New Yorkers are migrating at the highest rates to Florida (91,000+ people). However, according to 2022 data from the U.S. Census Bureau, a substantial number of New Yorkers remained in the northeast. Many people moved to New Jersey (75,000+), Connecticut (50,000+), and Pennsylvania (45,000+). Approximately 31,000 New Yorkers moved to California and Texas. Researchers believe that this trend is likely to continue.

New York has the fourth-highest cost of living in the U.S. this year, according to Forbes Advisor, behind Hawaii, Massachusetts, and California. New York residents spend roughly $50,000 annually on food, health care, housing, taxes, and transportation. This expense plays a large role.

New York City experienced a 6% decrease (546,000+) in the population between 2020 and 2023. Buffalo, Hempstead, Rochester, Syracuse, and Yonkers also lost thousands of residents. Albany was the largest upstate city to avoid a decline, experiencing a 2% increase instead.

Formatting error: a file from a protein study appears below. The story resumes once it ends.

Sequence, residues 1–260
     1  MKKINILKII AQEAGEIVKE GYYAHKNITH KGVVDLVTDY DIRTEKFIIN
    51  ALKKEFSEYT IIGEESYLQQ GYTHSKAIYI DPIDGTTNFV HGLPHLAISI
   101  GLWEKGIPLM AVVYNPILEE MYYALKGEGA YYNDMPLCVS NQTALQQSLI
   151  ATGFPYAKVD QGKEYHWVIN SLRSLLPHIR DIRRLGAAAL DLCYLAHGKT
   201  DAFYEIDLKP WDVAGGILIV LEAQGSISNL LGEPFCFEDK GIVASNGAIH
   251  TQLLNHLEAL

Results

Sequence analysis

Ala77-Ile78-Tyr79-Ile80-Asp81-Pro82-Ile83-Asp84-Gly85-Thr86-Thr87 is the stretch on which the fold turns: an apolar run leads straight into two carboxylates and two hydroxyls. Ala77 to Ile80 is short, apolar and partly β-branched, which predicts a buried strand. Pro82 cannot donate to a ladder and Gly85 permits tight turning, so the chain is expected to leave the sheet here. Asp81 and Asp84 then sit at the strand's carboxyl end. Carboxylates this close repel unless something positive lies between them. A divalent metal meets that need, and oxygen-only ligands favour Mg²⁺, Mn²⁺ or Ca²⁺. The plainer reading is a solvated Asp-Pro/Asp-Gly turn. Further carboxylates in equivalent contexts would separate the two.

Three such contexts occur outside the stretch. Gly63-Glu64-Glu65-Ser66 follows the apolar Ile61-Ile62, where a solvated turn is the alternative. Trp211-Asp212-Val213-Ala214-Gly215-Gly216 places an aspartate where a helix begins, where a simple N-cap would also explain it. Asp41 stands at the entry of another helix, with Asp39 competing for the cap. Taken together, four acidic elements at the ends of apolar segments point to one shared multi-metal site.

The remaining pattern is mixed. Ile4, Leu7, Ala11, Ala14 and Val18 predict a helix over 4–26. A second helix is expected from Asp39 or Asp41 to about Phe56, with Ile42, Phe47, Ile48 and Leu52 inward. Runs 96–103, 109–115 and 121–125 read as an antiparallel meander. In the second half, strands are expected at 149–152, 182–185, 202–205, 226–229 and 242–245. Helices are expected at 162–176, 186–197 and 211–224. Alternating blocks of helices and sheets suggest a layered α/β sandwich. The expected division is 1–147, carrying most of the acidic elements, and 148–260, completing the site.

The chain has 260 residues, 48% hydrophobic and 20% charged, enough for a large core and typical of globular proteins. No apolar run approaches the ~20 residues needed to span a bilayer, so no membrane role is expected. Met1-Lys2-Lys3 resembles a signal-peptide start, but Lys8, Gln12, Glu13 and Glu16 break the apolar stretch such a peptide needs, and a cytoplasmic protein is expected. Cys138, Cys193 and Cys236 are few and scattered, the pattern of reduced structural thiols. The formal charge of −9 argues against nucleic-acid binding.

E.J. McMahon, founding senior fellow at Empire Center for Public Policy, said Albany’s lack of decline can be partly attributed to office buildings being converted into residences. The census tract in downtown Albany increased by almost 36% between 2010 and 2020. Albany’s cost of living is also lower than all other New York metro areas. According to the living wage calculator by Amy Glasmeier, a “full-time working single adult” only needs to make $22.33 per hour to support themselves, in contrast to $33.31 per hour in Manhattan.

Many areas in the Hudson Valley and the Catskills have gained population due to New York City residents moving upstate. Approximately 60,000 people moved into the Hudson Valley during the pandemic. According to a Hudson Valley Pattern for Progress report, individuals moving into Columbia County earned 240% more than the residents moving out. This pattern has accelerated “gentrification and housing market crises across the Hudson Valley.” Additionally, cities and towns in Saratoga County have experienced population increases. Ballston saw an almost 7% increase between 2020 and 2023.